I Love Corn
Executive chef–owner Naomi Pomeroy | Beast Portland, OR
I make hash every week at Beast, based on whatever I find fresh at the farmers’ market. I always use waxy potatoes as the base (large enough to be cut into a nice ¼- to ½-inch dice), and then whatever else is awesome . . . peas, favas, and morels in the spring; corn, cherry tomatoes, crab, and a little bacon in the summer. . . .I like to serve the hash with a poached egg. It can be a regular farm-fresh chicken egg or a duck egg, which I like because it brings extra richness. I serve it with a rustic piece of very lightly toasted bread to soak up everything, and I always garnish the egg with something, such as a sprinkle of special salt or chiffonade of basil.
Contributor Notes: It’s good when everything in this dish is of similar “hash” size, thus I recommend keeping everything under ½-inch dice. Use heirloom tomatoes in place of the cherry tomatoes for a special touch and even more delicious flavor combination! It is a good idea to poach a few extra duck eggs, just in case one goes sideways on you and decides to break.
- Andrews McMeel published his project Corn And Cherry Tomato Hash With Poached Duck Egg And Truffle Hollandaise 23 Sep 11:35
You Will Need
Preheat the oven to 400°F and place a rack near the top.
Fill the bottom of a double boiler halfway with water and bring it to a light boil over medium heat.
Whisk the egg yolks with the 2 teaspoons of sherry vinegar and boiling water until they become pale and warm and reach the ribbon stage, which is when they have become the consistency of semithick cream. Pour the mixture into the top of the double boiler and whisk until tripled in volume. Remove the double boiler from the heat but keep the bowl on top while whisking constantly. Slowly, while whisking, pour in the room-temperature melted butter. Remove the bowl after all the melted butter is incorporated. Adjust the seasoning with truffle salt and an extra dash of sherry vinegar, if desired. Set aside.
Fill a large pot halfway with water, salt it, and bring it to a boil over medium-high heat. Add the potatoes and cook until just tender, not falling apart, 3 to 4 minutes. Drain quickly and run them under cold water to stop the cooking process. Set aside.
Fill a medium-size bowl halfway with ice water and set aside. Fill a medium-size pot halfway with water, salt it well, and bring it to a boil over high heat. Drop the green beans into the water and blanch for 3 minutes, then transfer to the ice bath.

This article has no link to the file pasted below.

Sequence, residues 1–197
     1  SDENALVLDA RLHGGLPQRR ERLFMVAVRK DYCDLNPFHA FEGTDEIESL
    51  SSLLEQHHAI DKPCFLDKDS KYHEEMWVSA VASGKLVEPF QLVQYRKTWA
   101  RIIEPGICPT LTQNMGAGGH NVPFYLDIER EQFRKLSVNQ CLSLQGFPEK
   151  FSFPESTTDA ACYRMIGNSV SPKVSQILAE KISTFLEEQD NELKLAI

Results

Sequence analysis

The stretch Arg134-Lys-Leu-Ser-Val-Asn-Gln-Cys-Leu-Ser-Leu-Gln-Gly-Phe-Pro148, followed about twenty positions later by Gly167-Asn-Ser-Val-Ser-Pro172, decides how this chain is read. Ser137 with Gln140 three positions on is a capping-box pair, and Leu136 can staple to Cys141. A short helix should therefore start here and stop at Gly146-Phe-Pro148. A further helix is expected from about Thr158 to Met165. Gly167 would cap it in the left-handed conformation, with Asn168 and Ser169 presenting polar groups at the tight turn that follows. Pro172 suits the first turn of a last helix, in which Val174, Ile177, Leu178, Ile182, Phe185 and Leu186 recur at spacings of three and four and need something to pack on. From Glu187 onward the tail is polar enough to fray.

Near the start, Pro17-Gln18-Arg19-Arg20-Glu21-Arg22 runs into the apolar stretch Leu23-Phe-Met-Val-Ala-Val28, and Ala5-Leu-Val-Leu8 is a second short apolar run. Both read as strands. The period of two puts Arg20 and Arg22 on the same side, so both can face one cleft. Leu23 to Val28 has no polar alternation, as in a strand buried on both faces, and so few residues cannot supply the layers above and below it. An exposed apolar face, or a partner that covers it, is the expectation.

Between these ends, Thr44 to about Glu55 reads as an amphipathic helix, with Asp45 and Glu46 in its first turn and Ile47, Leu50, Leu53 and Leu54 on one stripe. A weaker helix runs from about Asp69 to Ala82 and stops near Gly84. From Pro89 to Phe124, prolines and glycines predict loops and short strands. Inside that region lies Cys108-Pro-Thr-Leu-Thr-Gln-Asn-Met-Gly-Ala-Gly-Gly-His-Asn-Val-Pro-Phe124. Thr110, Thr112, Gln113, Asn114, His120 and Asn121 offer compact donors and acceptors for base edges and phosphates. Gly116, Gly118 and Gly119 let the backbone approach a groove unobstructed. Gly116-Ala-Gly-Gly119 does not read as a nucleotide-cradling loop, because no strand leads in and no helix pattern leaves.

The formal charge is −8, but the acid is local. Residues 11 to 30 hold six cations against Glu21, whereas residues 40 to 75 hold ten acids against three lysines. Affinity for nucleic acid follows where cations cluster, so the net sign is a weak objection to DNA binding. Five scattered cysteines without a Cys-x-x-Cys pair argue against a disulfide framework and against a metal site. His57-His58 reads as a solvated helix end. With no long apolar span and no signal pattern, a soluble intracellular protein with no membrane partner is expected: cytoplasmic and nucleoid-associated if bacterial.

In your largest oven-safe skillet over medium-high heat, fry the bacon and onion together for 4 to 6 minutes, until the bacon begins to release some of its fat. Lower the heat to medium and add the oil. Stir in the potatoes and cook until they begin to brown, 5 to 6 minutes, shaking the pan or stirring constantly. Add a little salt and pepper. Add the corn and cook briefly. Remove from the heat and add the green beans and tomatoes (don’t cook them—just let them get hot). If using the crabmeat, add it to the hash now, too. Set the hash aside.
Place the bread on a baking sheet and bake until lightly toasted, 6 to 8 minutes. Remove from the oven and set aside. Turn off the oven. Place the hash in the oven to keep it warm. • Fill a medium-size pot halfway with water, add the white vinegar, and bring it to a boil over medium-high heat. Lower the heat to medium-low to stop the water from boiling. Poach the duck eggs by placing them in individual ramekins and gently dipping them into the water to turn them out. Don’t mess with them until you see the egg whites are cooked, 3 to 4 minutes per egg. Remove the eggs with a slotted spoon so they can drain. (Part of the poaching can be done ahead, as well. You can take them out when they are still very soft in the yolk and then place them back in the water for a second to rewarm them later.)
To serve, place some hash on each plate with a piece of toast next to it. Place a poached egg on top and finish with a dollop of truffle hollandaise and a sprinkle of truffle salt.